A Charge to Innovate

Published April 14, 2010


Fifty years ago this month, history was made in Buffalo when the first successful artificial pacemaker was implanted in a patient.

Developed by Wilson Greatbatch, UB adjunct professor of engineering, the pacemaker emerged as one of the world’s most significant biomedical devices, improving and saving the lives of one million people.

Building on that legacy, the School of Medicine and Biomedical Sciences has partnered with the School of Engineering and Applied Sciences to train the next generation of biomedical engineers.

In fall 2010, UB will begin offering a baccalaureate program in biomedical engineering. The new Department of Biomedical Engineering is expected to produce a pipeline of highly skilled graduates and spin off new medical technologies and businesses to benefit the region’s robust medical device industry.

Proposals to establish new master’s and doctoral programs in biomedical engineering at UB are expected to be submitted for State Education Department review and approval in the near future.

“The marriage between engineering and medicine is essential to translating basic discovery in engineering to improving human health and wellness,” says Michael E. Cain, MD, medical school dean. “Our new department allows us to formalize and expand our expertise in biomedical engineering and positions UB to lead in this key area of health-related research.”

Among the faculty in the new department is SUNY Distinguished Professor Esther Takeuchi, PhD, a former scientist with the medical device manufacturer founded by Wilson Greatbatch.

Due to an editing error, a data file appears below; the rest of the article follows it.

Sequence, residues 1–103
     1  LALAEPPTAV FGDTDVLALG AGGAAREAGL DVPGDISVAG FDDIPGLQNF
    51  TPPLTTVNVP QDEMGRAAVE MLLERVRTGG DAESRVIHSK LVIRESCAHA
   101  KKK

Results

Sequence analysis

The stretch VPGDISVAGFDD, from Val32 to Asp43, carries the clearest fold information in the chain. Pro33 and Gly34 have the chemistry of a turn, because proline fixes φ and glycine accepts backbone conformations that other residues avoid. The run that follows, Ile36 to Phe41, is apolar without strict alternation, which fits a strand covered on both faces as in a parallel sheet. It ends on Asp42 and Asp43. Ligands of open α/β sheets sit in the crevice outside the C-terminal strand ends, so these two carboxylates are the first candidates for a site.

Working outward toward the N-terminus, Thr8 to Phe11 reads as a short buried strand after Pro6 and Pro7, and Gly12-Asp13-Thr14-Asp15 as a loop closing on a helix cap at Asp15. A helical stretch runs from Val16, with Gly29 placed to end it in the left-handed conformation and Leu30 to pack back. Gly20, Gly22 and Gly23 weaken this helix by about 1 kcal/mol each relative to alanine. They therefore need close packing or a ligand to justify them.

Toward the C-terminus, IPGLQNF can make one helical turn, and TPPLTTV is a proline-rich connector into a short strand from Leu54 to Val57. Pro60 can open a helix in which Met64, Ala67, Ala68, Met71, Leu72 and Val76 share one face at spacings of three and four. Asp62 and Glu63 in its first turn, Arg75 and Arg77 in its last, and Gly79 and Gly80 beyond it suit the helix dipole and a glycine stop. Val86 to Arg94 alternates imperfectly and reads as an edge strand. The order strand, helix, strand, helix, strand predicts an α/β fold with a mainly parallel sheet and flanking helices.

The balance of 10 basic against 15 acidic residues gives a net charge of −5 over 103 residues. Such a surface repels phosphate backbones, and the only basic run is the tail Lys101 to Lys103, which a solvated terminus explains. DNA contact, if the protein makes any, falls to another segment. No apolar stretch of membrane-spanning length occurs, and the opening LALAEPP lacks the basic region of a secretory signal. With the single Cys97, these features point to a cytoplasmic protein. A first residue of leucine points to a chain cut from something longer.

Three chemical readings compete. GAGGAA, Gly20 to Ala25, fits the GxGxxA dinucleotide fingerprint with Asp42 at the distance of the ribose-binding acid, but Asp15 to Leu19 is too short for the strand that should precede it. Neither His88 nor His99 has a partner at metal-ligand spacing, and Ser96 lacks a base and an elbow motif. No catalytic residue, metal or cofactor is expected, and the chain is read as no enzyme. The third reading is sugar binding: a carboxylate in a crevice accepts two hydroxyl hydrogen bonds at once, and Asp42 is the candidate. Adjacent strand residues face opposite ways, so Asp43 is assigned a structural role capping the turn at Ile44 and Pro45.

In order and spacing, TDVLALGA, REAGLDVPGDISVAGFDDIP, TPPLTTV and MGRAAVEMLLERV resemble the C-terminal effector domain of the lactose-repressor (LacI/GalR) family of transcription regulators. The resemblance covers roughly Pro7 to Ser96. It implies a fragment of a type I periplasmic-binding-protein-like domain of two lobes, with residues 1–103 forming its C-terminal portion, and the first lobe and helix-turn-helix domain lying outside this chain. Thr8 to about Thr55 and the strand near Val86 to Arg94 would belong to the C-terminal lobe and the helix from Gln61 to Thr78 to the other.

While working at Greatbatch, Inc., Takeuchi developed the battery that made possible the first implantable cardiac defibrillator. A prolific inventor, she holds more U.S. patents than any other woman. Her contributions to the field of energy storage were recognized last fall, when President Obama presented her with the National Medal of Technology and Innovation, the highest honor awarded in the country for technological achievement.

Now, Takeuchi is applying her unique perspective on how to coax the best performance out of battery chemicals to the electrical grid.

With a project funded by the New York State Energy Research and Development Authority, Takeuchi and her husband, SUNY Distinguished Teaching Professor Kenneth Takeuchi, PhD, are developing new, low-cost materials for rechargeable batteries.

The focus is on developing a distributed grid where renewable power is generated closer to where it’s needed, rather than in a central place and transmitted long distances, the way the current grid operates.

“To generate energy at a usable, consistent level, we will need to couple a dependable, energy-storage system with renewable power sources,” Takeuchi says.

Her work on biomedical devices has provided Takeuchi with an unusual appreciation for the properties of batteries that have exceptional longevity. The typical lifetime of a battery in an implantable device is five to 10 years and she is one of those leading the push to increase that for both biomedical and utility applications.

“Whether you’re talking about the power grid, electrical vehicles or biomedical devices the quest is for low cost, longer life and rechargeability,” Takeuchi says.